California’s wind power. Credit: Elizabeth Pepin.

When it comes to renewable power, California has had one main message: bring on the solar power, bring on the wind turbines! California and the country are heading fast towards a clean energy future. But renewables aren’t perfect. As wind, solar, and other nature-dependent technologies start to make up a bigger and bigger part of our electricity mix, power providers are thinking about how to deal with a very real problem: you can’t tell nature when to produce.

The issue with these variable, intermittent sources of power is that electricity is a “just in time” commodity: you use it as soon you make it. When you flip on the light switch in your house or push start on your electric dryer, a power plant somewhere is whirring away right at that moment, creating those electrons for you to use.

In most of California, that complicated balance is coordinated by the California Independent System Operator, or ISO, a nonprofit that serves as a link between power generators and the utility, such as PG&E. Every four seconds, the ISO “takes the pulse” of the grid to make sure that the supply of electrons flowing out of the power plants matches the demand for electricity. If there’s a mismatch, the ISO can tell plants to cut back or ask other ones to turn on.

That’s not an instantaneous process, though. What makes the ISO’s job complicated is that power plants have different levels of responsiveness. Nuclear plants, for example, are slow to turn on or off, so they usually just hum away at a relatively constant rate, providing “baseload” power – the minimum amount of electricity we always need. Other plants, including hydroelectric and natural gas, can ramp up and down quickly throughout the course of a day, as factories switch on their machinery and air conditioners rev up.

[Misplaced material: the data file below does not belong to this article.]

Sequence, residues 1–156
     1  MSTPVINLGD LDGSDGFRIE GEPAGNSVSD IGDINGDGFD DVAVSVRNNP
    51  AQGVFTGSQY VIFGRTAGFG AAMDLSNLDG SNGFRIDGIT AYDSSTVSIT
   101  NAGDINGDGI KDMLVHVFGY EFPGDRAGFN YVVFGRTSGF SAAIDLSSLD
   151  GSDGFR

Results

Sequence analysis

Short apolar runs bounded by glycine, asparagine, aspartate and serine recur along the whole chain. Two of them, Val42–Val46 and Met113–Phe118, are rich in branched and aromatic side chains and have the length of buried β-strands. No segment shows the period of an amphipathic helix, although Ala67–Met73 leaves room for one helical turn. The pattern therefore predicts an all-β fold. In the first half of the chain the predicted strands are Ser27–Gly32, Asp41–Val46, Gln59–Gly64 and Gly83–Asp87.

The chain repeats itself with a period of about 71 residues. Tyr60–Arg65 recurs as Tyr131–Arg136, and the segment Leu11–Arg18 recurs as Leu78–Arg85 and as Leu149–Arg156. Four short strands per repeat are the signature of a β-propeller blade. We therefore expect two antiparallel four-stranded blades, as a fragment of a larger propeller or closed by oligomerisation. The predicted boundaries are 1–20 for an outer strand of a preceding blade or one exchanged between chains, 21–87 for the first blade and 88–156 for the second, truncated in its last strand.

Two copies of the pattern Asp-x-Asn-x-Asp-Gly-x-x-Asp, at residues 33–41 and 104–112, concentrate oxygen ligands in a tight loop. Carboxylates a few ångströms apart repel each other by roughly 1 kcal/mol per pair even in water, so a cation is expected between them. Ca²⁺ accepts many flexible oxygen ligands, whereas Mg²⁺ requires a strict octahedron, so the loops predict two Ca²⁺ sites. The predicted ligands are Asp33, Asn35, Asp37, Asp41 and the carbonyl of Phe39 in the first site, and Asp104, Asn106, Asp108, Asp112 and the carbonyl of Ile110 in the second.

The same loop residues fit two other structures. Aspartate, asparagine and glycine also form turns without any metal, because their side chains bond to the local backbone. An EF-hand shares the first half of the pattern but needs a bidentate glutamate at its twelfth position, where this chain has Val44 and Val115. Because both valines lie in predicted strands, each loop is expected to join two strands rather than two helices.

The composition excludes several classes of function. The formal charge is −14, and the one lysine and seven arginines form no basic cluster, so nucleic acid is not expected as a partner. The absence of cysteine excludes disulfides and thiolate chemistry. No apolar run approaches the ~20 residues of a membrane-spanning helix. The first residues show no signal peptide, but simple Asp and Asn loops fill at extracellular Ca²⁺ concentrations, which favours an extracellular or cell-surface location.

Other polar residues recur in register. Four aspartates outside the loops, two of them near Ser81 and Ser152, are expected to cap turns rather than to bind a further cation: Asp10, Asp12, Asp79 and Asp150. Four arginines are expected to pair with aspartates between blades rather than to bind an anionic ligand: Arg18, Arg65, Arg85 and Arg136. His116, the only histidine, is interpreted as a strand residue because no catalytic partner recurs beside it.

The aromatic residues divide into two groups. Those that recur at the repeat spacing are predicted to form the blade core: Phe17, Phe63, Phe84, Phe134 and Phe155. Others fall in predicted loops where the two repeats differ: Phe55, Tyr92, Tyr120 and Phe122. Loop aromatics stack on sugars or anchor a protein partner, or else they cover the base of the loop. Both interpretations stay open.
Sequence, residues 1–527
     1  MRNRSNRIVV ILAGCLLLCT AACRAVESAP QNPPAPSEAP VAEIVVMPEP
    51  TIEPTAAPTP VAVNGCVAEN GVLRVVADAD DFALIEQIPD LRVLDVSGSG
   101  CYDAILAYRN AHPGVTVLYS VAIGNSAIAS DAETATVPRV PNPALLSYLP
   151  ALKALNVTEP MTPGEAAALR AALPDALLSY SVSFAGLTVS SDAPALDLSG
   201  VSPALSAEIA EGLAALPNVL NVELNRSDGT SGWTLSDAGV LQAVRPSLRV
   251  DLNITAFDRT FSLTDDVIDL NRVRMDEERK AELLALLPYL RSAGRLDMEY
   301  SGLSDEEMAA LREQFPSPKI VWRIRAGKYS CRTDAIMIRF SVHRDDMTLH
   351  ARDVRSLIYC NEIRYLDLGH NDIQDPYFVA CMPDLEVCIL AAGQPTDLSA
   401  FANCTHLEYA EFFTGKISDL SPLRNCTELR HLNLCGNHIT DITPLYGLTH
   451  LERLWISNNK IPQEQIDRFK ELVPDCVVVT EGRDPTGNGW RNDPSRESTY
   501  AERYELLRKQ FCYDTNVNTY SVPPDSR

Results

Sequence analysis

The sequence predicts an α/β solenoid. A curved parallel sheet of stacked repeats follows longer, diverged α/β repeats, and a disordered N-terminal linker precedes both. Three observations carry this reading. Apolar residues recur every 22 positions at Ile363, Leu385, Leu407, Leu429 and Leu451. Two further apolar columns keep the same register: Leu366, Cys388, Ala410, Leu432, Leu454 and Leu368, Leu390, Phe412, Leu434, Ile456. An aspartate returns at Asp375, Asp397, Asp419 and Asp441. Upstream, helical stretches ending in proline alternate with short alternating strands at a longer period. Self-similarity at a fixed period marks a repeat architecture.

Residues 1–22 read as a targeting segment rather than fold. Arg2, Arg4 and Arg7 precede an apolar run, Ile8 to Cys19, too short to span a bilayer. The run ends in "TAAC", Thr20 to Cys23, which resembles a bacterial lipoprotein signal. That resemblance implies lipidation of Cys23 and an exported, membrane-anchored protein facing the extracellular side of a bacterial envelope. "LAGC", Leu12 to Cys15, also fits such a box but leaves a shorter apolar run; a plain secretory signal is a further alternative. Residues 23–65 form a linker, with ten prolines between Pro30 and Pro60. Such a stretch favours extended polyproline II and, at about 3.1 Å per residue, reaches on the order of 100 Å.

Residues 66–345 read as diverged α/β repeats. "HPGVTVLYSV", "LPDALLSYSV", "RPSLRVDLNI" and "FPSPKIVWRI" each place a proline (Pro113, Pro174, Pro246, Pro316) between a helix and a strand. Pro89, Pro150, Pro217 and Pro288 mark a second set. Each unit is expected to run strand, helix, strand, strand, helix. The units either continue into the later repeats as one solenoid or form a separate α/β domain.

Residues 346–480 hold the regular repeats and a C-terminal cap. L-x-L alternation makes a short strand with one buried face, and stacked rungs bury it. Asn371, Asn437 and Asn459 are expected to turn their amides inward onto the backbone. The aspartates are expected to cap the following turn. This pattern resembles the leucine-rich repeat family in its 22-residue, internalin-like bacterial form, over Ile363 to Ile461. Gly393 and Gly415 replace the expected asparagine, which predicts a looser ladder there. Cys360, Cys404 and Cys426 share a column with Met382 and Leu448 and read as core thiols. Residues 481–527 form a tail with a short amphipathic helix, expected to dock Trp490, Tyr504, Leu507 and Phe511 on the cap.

Unfortunately, renewables such as wind and solar are even less accommodating. The wind blows when it blows – often at night, when demand for electricity is low. The sun is more predictable, but passing clouds can change a solar panel’s output, and just because we know when the sun will be high doesn’t give us any control over it. Put too much of this kind of energy on the grid, and the system stops being reliable (though researchers disagree about how much exactly is “too much”).

According to California’s policies, more solar and wind is what’s in store. The state has an ambitious goal of getting 33% of its electricity from renewable sources by 2020. So how can power providers make sure the right amount of juice is flowing through the grid when more of those electrons come from sources you can’t “dispatch” on-demand? One answer might be energy storage. Stayed tuned for an upcoming post on that.


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Rachel Zurer

Rachel Zurer is an intern for QUEST. Originally from Washington, DC, she's been steadily making her way further west and deeper into the world of science. After earning her B.A. at Duke University, she spent two years as a crew leader with the Utah Conservation Corps, building trails, killing weeds, and learning first hand about the awesomeness of nature. Then she moved indoors to become the Gallery Programs Coordinator for the Utah Museum of Natural History. Now a Berkeley resident, she's pursuing her MFA in Creative Nonfiction writing through Goucher College. She's thrilled to be helping explain cool science for people through as many types of media as possible

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